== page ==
The resources the provider contributes are usually:
- informational (Shumaker & Brownell, 1984)
In the event of stressful situations, other people can relief us from viewing the circumstances as inevitable, so the situation is appearing as:
- less threatening,
- lessen our feelings of guilt,
- reassure us of our worth and belongingness, and
- help to find solutions to problems (Suhr, Cutrona, Krebs, & Jensen, 2004).
The social support given by the support provider to the support recipient usually follows the paths of direct communication (Cohen, 1992; Gottlieb, 1985; Fenalson & Beehr, 1994).
In the working environment, the employees that are in stressful situations expect their company to provide them with the necessary assistance to overcome their trouble (Eisenberger & Stinglehamber, 2011).
The views regarding the company’s support towards the personnel reflect the employees’ perceptions regarding the extent to which their company considers employees as:
- capital to be nurtured and developed or
- interchangeable commodities (Eisenberger, Huntington, Hutchison, & Sowa, 1986)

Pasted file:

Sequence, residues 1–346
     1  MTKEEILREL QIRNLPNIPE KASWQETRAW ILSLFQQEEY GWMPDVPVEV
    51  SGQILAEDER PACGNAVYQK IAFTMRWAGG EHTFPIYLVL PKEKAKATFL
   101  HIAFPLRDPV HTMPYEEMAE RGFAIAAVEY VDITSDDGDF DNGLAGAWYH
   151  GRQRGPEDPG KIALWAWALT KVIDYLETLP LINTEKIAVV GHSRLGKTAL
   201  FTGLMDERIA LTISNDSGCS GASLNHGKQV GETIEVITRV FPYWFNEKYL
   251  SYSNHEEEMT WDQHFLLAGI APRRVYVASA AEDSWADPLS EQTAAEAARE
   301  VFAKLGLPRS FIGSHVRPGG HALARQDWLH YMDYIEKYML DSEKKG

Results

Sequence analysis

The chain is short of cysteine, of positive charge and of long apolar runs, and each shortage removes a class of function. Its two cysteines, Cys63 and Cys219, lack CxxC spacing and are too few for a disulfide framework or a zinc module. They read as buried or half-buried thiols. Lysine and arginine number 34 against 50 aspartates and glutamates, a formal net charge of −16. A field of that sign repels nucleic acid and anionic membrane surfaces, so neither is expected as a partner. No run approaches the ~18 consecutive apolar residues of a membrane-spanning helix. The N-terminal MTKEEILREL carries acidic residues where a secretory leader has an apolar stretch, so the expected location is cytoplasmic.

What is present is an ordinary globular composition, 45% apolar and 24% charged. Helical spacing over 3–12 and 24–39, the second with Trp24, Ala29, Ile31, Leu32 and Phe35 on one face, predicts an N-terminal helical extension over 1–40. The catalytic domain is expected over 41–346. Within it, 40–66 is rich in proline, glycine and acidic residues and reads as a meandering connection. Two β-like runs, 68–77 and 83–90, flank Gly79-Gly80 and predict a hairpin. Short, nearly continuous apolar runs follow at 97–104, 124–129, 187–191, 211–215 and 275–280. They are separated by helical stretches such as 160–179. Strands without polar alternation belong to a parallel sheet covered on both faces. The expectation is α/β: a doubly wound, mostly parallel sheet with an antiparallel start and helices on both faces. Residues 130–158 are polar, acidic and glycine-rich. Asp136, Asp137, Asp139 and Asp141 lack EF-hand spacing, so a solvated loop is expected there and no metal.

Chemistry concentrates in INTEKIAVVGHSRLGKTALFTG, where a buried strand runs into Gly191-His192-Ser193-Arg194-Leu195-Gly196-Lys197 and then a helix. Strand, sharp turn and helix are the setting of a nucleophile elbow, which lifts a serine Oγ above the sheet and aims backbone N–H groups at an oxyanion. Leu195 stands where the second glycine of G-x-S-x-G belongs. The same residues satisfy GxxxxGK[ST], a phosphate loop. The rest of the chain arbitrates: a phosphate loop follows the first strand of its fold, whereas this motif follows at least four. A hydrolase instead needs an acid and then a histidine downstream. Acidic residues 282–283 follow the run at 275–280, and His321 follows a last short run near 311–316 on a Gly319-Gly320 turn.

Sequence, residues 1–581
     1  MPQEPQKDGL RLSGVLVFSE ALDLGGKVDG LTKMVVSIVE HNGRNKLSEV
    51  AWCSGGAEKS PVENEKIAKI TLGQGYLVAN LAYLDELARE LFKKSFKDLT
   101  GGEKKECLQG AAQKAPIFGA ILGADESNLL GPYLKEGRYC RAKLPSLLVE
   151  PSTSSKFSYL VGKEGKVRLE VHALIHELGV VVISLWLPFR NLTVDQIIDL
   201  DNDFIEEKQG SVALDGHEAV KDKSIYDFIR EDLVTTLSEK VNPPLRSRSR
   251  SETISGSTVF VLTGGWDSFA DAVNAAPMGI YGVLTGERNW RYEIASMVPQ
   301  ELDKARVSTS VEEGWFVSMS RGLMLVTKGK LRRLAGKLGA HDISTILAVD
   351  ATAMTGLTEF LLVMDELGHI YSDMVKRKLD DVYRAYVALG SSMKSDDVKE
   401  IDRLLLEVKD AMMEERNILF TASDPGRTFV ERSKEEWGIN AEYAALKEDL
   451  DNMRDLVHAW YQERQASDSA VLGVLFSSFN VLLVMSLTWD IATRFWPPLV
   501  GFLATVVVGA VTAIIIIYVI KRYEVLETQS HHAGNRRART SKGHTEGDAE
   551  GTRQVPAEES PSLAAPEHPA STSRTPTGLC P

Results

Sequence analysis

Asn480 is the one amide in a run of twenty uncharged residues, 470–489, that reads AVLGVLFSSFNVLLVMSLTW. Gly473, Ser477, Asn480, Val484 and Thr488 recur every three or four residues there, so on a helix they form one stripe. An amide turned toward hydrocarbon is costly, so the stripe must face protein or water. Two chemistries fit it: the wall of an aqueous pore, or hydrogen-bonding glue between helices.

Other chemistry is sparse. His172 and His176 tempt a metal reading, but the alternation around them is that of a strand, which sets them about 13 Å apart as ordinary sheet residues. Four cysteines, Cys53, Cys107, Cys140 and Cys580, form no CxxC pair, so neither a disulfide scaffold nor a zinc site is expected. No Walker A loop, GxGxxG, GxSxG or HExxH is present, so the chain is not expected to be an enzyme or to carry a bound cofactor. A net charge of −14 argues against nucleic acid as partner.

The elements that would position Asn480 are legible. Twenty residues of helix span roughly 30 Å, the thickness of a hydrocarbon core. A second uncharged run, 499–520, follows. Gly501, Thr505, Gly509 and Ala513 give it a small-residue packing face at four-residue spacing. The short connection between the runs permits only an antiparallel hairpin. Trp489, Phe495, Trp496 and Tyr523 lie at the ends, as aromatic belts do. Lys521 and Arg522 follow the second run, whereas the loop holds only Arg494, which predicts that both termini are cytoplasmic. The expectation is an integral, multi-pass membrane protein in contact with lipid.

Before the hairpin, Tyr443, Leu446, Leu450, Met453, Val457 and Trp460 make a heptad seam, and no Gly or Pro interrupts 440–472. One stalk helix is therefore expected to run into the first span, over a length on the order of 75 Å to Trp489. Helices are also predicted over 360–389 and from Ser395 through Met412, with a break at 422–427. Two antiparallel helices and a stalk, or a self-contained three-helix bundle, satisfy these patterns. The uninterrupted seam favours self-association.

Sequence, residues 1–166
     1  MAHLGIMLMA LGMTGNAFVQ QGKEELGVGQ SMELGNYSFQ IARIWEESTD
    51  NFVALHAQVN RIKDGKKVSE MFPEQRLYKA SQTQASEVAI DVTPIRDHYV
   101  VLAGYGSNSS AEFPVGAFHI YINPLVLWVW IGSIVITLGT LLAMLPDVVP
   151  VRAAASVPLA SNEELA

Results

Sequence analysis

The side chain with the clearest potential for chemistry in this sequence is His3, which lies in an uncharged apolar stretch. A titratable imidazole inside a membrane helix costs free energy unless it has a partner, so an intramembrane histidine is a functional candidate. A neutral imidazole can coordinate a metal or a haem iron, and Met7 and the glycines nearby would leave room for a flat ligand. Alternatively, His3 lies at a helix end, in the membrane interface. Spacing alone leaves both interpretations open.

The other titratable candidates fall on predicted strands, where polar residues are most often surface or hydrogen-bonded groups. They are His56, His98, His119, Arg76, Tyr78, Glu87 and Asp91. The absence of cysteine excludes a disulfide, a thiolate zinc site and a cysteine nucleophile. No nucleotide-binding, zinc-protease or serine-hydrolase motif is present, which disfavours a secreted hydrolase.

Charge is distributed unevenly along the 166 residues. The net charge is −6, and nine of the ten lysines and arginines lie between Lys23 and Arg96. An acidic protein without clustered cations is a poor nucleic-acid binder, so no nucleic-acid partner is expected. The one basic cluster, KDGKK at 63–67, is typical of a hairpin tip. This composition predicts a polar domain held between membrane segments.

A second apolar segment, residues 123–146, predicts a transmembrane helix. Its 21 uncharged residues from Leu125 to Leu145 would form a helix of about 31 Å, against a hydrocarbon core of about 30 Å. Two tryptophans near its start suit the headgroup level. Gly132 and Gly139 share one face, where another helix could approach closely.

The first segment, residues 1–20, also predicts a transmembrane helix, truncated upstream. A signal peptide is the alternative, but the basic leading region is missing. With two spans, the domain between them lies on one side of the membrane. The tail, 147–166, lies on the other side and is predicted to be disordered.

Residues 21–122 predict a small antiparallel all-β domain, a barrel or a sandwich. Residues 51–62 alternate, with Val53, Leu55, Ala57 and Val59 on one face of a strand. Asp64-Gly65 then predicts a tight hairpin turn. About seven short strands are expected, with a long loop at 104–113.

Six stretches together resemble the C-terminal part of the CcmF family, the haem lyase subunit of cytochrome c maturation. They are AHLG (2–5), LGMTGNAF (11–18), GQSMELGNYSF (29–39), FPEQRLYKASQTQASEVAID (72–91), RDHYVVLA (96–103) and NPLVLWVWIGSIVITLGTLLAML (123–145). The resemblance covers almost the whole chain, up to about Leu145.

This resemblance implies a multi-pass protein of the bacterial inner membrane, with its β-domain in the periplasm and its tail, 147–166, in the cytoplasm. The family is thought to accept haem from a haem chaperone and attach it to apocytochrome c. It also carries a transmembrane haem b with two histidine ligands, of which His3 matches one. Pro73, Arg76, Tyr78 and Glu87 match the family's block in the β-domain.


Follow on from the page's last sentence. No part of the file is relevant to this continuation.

So the critical question is whether or not the company is willing to:
- support and reward the employees effort and
- provide them with the resources needed to be effective (Eisenberger, Cummings, Armeli, & Lynch, 1997).
The expectations people in a stress situation have from others, have an impact on the evaluation process where individuals consider what they can do to handle with a threatening situation (Folkman & Lazarus, 1985). In contrast, received support plays a direct role in handling (Pierce et al., 1996). Although the support expectancies reflect a coping resource, received social support contains unconcealed behavioral transactions when there is a need and therefore constitutes a handling response (Hobfoll & Shirom, 1993).
The perception that support by other people is available help to strengthen the person’s handling resources. It provides a peace of mind and the management is easier. Furthermore, this condition subsequently should reduce the extent to which employees evaluate workplace events as stressful (Cohen, 1992). If the workplace is stress-free, the employees can be more effective and productive.